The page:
Thursday, June 19, 2014


Smells so green,
And sky's so blue.
Sping has sprung,
And now me too!

The initial frantic work pace of the first few weeks prior to spring, has ebbed to a nice steady pace.  Either that or I'm in shape now, after digging 600 feet of ditch, for the onslaught of continual work in preparation for replanting 956 trees.  Re-entry is always a little rough and going from chillaxing with four children to shoveling ditches wasn't any picnic.  I found myself reminiscent of last year, when we were so excited to plant an orchard . . . this year thinking . . . why did we want to do this again???  And might I add, not to harp on the ditch digging, but it was dug to within 3/4 of an inch fall every 20 feet.  Which is practically flat, no joke.  Hence there was lots and lots of digging, surveying, digging, surveying, repeat.  When your Foreman is 'Digger' Bill and your farm hand is Rusty, the job will be perfect, you can bet.  My dad can really dig, for a geezer.

The initial trench was dug about three feet deep with this mini-excavator, piloted (for pretend) in this photo by Julian, who is not mildly obsessed with mini-excavators and any other type of "cool" truck or machine.  After returning the borrowed excavator, we figured out the specifications for the ditch and began our shoveling ventures.   Rewind a second . . . the purpose of the ditch is the supply line for the micro emitter system we're installing to replace furrow irrigation, which will save us lots of time and effort in the field.  Furrow irrigation here isn't necessarily wasteful, as in other more arid desert climates (all the waste water flows right back to the river) but it does add salts to the waste water which causes problems further downriver.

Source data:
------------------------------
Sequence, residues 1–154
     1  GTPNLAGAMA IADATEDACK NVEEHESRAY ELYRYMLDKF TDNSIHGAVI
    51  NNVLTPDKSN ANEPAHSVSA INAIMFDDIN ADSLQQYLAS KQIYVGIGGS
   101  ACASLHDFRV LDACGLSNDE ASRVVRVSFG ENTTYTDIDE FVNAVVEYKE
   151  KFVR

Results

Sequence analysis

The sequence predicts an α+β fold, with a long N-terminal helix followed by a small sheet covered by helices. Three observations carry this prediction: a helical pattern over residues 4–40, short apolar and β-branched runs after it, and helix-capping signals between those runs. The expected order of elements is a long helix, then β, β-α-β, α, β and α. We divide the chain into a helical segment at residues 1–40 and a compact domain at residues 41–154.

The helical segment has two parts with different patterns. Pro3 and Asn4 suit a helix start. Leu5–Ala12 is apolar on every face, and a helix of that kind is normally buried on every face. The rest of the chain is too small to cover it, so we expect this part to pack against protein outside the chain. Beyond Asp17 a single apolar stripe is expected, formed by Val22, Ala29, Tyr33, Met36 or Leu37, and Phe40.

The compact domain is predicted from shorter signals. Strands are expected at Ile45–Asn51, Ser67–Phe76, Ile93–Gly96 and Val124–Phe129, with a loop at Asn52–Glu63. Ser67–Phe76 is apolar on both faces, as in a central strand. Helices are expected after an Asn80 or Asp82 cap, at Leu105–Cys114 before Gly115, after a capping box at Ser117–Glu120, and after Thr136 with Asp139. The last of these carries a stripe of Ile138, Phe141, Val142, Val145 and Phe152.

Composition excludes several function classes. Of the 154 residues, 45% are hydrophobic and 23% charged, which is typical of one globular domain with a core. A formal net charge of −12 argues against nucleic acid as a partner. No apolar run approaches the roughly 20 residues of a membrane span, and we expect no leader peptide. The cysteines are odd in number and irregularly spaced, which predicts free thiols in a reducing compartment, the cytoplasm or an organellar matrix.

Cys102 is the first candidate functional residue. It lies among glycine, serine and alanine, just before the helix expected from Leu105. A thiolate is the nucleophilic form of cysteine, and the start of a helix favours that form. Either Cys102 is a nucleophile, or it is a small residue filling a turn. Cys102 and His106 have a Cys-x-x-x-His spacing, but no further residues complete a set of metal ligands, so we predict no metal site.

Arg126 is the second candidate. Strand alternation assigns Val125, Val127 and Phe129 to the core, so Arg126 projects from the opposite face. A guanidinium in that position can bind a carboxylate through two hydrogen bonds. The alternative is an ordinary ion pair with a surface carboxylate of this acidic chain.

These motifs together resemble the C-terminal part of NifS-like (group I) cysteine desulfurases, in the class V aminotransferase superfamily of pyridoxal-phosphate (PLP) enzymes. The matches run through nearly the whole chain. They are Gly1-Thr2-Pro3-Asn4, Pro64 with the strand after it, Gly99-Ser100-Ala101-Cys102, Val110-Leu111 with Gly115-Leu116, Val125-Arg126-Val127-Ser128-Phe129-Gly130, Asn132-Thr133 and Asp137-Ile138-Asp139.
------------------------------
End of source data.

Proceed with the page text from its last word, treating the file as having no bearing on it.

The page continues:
Here, my dad and I were digging at our main hydrant to decide where to tap into it.  My dad is the business.  He can build/do/plan/make/execute anything, which is oh so handy.
 Here is 450 feet of ditch, prior to leveling the fall to perfection.

 Here are the trusty helpers, who very much enjoyed playing in the ditch.

After fitting the main lines and supply lines, more shoveling to shade the pipe, cover it with dirt so that a freak rock doesn't crack it when backfilling with the tractor.  Our soil is literally rock-free.

After all that hard work, I took the last couple days off to just be a mom and enjoy the kids.  The apricots are blooming and to me, there really isn't anything more beautiful than a blooming orchard of apricot blossoms.  Apricots are the first fruit trees to bloom in our area and although I've grown up see in them bloom every year, they still take my breath away.

 In added efforts to save the apricot harvest from possible freezing temperatures, this grower has added smudge pots this year, which are like little propane heaters for just about every tree.  This orchard has frozen the past two years, so we're really hoping for a harvest this year.
 The bees are happy, finally having something to eat after their winter hibernation.
Spring can get crazy, but don't forget to take in all the beauty of spring.  Its everywhere.

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